I guess I totally nerded out on this book. I disregarded all my other responsibilities and read the whole story in about three days. There was a pile of empty Dr. Pepper cans and Little Debbie wrappers around my computer. It probably looked like the aftermath of a marathon World of Warcraft raid or something. (Please don’t tell my boys about this.)
The book flowed easily because the writing was straight forward and I could just keep scrolling down to the next plot twist. I enjoyed who the younger sister, with less formalities and manners, wound up being better suited for the Godking job then her overly prepared sister. It is an interesting thought that someone can prepare their whole life and still wind up helpless. I forget the proper sister’s name, but I love it when she constantly second guesses herself and her motives. She sneaks into town with the strictest morals and quickly finds out the harshness of poverty-stricken reality wipes out the certainties of her religious ideals. Her internal debates are fascinating. There is even a split second, when she is really down in the gutter, where she envies the prostitutes. When she originally enters the town, she is far superior, casting judgments on the most moral and modest townsfolk. She is not in town very long before life deals her a few bad hands and she is forced to reevaluate her stance on some of her beliefs.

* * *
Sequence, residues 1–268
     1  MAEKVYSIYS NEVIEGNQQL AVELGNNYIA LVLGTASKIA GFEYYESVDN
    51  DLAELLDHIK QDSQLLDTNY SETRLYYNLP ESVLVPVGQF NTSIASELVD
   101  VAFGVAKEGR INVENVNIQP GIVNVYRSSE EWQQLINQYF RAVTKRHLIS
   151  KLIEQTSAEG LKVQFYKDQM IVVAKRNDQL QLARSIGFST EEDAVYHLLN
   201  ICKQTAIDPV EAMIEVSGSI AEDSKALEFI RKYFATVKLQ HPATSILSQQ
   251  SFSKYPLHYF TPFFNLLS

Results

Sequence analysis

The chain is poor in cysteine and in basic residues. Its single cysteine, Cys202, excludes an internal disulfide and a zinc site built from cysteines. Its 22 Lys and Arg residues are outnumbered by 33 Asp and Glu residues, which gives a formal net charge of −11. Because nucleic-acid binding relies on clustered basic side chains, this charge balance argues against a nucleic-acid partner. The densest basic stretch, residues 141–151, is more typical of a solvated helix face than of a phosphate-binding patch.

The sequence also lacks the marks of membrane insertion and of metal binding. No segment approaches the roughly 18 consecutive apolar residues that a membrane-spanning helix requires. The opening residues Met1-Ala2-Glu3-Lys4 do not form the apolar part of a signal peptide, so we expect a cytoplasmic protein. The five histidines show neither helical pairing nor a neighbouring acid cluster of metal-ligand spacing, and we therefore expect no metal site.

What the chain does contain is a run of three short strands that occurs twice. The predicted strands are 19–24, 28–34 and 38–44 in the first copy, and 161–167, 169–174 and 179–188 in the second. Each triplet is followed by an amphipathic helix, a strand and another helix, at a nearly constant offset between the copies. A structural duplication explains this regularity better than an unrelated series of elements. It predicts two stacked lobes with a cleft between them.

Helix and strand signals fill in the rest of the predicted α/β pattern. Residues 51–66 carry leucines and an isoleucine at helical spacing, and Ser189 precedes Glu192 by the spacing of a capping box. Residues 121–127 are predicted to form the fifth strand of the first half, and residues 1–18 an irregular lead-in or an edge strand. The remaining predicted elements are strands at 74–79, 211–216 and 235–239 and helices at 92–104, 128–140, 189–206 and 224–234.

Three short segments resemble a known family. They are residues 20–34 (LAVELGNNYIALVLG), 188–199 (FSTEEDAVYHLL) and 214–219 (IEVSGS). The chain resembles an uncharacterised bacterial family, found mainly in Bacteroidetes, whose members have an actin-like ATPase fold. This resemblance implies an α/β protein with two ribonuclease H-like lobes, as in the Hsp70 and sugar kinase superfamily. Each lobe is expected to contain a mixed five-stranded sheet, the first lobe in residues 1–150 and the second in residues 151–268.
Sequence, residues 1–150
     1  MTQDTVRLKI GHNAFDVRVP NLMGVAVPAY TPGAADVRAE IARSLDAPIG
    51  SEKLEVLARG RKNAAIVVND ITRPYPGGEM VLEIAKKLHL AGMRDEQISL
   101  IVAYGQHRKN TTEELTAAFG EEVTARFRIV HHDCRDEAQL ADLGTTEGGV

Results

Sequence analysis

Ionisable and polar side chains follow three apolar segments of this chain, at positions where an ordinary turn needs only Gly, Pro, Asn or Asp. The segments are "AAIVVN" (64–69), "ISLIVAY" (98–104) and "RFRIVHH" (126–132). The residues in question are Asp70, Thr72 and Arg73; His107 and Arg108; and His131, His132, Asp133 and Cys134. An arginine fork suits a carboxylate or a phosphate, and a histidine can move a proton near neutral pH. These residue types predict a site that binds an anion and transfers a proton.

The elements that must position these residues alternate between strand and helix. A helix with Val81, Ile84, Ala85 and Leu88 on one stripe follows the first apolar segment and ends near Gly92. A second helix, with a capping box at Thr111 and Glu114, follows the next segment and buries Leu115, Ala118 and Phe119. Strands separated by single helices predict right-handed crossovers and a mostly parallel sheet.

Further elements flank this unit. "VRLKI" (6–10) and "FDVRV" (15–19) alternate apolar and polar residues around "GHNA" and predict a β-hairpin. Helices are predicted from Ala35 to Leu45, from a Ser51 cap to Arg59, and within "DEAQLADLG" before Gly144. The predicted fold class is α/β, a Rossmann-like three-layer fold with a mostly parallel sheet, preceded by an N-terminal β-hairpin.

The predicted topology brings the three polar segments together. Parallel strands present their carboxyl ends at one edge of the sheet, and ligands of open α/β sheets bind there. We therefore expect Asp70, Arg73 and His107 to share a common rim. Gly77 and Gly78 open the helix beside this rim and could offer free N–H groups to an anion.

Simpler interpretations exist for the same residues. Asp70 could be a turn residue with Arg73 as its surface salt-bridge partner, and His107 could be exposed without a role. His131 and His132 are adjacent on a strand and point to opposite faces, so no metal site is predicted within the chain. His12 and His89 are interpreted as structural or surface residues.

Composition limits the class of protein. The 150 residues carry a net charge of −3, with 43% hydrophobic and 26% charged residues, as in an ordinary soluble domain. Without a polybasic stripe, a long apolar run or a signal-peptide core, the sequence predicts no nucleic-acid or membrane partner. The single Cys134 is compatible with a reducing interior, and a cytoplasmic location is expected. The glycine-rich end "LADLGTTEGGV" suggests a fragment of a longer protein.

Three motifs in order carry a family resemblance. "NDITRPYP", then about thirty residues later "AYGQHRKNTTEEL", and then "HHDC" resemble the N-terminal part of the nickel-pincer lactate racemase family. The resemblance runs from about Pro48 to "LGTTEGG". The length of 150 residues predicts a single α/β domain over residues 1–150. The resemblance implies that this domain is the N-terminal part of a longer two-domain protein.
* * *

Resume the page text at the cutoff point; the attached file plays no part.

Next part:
I also fell in love the character, Lightsong. He is the god that is most focused on but he also has the best attitude of all the gods. Most gods are in such extravagant luxury that they never think to question it. They are blinded by their plush lifestyle. Lightsong is a relatively young and rebellious god. He can’t make himself content just because he has a team of people to a appease his every whim. It is not because he wants more. He seems to question the order of things and seeks out flaws or irrationalities in the whole religious system. These qualities are ideal in a leader. I think many leaders often start off with that mindset, but a few years in their plush throne, numbs that instinct. Lightsong’s entire conciousness has been luxurious yet he has some subconscious instincts that irk him.
There was enough interesting moral dilemmas that the characters had to face to keep me captivated through the whole 800+ pages of this brute. There were some extreme conspiracies going on. Hopefully, our governments won’t have to be completely under-minded to get people to consider others’ points of view.